After winning first prize in Missouri’s United States Congressional Art Competition in April, a painting depicting police officers as pigs terrorizing a black neighborhood now hangs on display inside the nation’s Capitol.
The painting, submitted by Cardinal Ritter College Prep graduate David Pulphus, is a supposed interpretation of the months of unrest that took place in the region in response to the fatal shooting of Michael Brown by then-Ferguson Police Officer Darren Wilson on August 9, 2014.
Brown’s shooting served as the catalyst for the “Black Lives Matter” movement, a movement that has referred to police officers as “pigs in a blanket,” in addition to claiming there is an epidemic of white cops targeting and murdering black men in cold blood with racial animus.
Such a narrative is false, as statistical evidence has wholly debunked these claims and a new study has actually found no racial bias against blacks in police shootings. Even so, the movement has become a seeming paragon of social justice in the eyes of lawmakers and the current administration.
Painting of cops as pigs hung proudly in U.S. Capitol https://t.co/f3Ol2F6hKz
— Independent Journal (@TheIJR) December 29, 2016
Pulphus’ painting was selected on behalf of Rep. Lacy Clay (D-MO). Reports have not confirmed that Clay personally selected “Untitled #1” as the winner, though he effusively praised the controversial painting in a press release.
In the painting, two officers carry guns while protesters march towards them carrying signs that read “history,” “stop killing” and “racism kills.” On its right side, a man is crucified wearing a graduation cap holding the scales of justice in his hands.
Currently, the painting hangs in a tunnel between the U.S. Capitol building and Longworth House Office Building. Pulpus himself evoked racial undertones in accepting the award.
“It is hard to imagine that as a young African-American man from North St. Louis, I could receive such a prestigious award by the U.S. Congress,” Pulphus said.
Pulphus was previously scheduled to travel to Washington, D.C. to unveil his painting, which “portrays a colorful landscape of symbolic characters representing social injustice, the tragic events in Ferguson, Missouri and the lingering elements of inequality in modern American society,” according to Rep. Clay’s press release.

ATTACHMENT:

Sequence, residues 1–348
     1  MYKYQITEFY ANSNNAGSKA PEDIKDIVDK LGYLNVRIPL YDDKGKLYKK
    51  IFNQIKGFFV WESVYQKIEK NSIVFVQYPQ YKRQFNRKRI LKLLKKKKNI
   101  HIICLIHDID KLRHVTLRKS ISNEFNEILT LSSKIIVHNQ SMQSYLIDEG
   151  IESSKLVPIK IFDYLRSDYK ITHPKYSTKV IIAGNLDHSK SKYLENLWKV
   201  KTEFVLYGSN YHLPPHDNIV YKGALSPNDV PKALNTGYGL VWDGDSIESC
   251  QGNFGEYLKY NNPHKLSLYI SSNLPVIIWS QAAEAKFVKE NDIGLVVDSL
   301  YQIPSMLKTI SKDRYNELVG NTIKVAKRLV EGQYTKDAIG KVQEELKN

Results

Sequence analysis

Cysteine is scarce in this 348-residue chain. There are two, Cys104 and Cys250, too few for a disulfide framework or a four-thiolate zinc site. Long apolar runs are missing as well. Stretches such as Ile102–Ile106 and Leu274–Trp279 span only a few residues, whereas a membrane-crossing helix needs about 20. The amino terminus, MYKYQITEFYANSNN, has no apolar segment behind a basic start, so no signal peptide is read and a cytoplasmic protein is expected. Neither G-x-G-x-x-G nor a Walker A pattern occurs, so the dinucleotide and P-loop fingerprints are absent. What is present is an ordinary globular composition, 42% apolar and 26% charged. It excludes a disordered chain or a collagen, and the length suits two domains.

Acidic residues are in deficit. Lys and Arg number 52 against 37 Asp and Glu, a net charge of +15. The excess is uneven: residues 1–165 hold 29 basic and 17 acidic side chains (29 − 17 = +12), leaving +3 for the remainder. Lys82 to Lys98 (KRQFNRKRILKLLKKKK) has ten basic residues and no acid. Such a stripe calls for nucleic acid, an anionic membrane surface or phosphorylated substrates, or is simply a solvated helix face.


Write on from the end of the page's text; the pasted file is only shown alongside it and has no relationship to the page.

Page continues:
Reports indicate that Clay also called the piece of art the “most creative expression that I’ve witnessed over the last 16 years” during remarks on the House floor.
Rep. Dave Reichert (R-WA), a former law enforcement officer, told Independent Journal Review in a statement that he was disappointed to see the painting in the hallway of our nation’s Capitol:
It is disheartening to see this depiction of law enforcement hanging in the hallway of our nation’s Capitol where officers work everyday to protect our safety and freedoms. Unfortunately, many people of influence have taken part in promoting offensive and inaccurate caricatures of the very people who do the most to protect our families.
While I understand in some neighborhoods trust between police and communities has all but deteriorated, we must work on rebuilding these relationships and focus on our shared goals of peace and civility.
In addition to irritating lawmakers, the painting also strikes home with law enforcement officials who work just 25 yards from the painting. There, they screen visitors through metal detectors and protect those inside the Capitol building, including the Democratic lawmaker who honored the painting with a spot on the wall.
Each year, members of Congress put out a call for students to compete in the contest, and the resulting work is displayed on the white walls of a long tunnel that connects House Office Buildings to the U.S. Capitol.
Over 200 members of Congress and over 50,000 high schools students have taken part in the popular and competitive program.
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